Nelson’s Pillar was erected in O’Connell St, Dublin in 1809 to honour the exploits of the British naval hero and notorious adulterer Vice-Admiral Horatio Nelson who was killed at the Battle of Trafalgar in 1805. The 134ft high monument became an integral part of the city, central to the country’s historic and literary epics, as well as being the meeting place for friends and lovers; it also offered a great view over the city, and its 168 steps could be climbed for a fee of sixpence. The Pillar survived rebellions, wars and the even the 1916 Rising but in 1966, 157 years after its completion, Nelson’s time keeping his one good eye on Dublin came to an explosive end.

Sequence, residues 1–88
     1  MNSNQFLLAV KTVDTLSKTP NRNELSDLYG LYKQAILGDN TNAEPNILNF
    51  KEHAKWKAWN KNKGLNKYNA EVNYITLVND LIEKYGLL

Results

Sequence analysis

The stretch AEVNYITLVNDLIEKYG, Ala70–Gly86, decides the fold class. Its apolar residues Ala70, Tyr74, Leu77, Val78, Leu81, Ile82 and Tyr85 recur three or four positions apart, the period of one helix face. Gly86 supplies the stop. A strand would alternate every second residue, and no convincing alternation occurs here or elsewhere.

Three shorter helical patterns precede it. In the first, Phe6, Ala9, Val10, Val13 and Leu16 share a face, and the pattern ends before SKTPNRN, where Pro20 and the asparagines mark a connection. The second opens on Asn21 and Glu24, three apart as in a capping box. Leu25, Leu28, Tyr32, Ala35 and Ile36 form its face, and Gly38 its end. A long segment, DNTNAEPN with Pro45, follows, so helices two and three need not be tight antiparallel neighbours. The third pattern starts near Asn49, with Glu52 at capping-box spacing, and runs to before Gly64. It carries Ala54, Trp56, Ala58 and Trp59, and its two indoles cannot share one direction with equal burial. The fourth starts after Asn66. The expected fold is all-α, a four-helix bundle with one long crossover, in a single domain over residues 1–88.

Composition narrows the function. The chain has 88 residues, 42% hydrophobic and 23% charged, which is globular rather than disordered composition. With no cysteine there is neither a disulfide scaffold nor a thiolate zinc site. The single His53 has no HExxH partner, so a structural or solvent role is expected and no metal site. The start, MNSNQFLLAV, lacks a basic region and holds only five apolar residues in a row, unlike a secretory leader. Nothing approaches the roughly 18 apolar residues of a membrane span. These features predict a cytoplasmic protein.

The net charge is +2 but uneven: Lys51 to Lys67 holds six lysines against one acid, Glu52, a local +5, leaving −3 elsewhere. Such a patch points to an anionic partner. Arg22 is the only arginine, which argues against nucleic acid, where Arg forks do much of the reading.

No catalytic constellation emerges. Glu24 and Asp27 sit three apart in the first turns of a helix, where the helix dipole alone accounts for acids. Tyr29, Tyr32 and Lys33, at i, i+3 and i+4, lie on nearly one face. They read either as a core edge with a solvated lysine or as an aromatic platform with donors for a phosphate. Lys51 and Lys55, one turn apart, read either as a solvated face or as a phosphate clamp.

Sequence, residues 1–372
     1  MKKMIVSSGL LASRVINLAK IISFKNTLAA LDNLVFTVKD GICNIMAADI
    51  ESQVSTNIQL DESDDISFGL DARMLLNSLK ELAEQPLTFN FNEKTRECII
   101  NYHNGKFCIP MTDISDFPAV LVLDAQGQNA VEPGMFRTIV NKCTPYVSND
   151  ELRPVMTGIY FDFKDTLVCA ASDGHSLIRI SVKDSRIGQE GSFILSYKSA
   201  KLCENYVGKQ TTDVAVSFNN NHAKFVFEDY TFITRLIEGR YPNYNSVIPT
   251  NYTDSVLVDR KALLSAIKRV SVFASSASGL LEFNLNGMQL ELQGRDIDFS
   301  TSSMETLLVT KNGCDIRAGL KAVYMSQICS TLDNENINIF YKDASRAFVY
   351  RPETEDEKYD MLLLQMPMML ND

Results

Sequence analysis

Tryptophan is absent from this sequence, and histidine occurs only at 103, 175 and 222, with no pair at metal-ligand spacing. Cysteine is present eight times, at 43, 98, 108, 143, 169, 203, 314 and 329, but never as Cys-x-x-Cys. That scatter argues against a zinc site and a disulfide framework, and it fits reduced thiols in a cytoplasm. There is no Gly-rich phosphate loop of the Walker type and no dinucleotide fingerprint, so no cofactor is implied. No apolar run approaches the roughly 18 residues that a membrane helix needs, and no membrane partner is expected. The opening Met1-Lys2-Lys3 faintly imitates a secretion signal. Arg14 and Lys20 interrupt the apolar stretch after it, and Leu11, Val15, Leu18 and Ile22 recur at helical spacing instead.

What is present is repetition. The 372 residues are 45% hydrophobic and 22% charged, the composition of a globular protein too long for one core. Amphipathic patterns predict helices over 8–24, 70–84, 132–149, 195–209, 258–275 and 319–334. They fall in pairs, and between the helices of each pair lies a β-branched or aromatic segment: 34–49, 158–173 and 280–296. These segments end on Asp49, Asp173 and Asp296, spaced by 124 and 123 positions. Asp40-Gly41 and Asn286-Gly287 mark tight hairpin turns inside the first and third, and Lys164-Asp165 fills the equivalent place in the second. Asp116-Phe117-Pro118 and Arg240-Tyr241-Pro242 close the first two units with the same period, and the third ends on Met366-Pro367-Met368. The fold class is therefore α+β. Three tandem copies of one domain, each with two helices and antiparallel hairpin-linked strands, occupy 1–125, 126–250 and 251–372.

The Pillar was seen by many as an anachronistic monument to English occupation of Ireland, especially as 1966 was the 50th anniversary of the 1916 Rising; blown up by a republican bomb in the early hours of the morning.
The bombing of Nelson’s Pillar became a humorous cause célèbre in popular culture.
Photo: Colour photo showing the pillar on the morning of 8 March 1966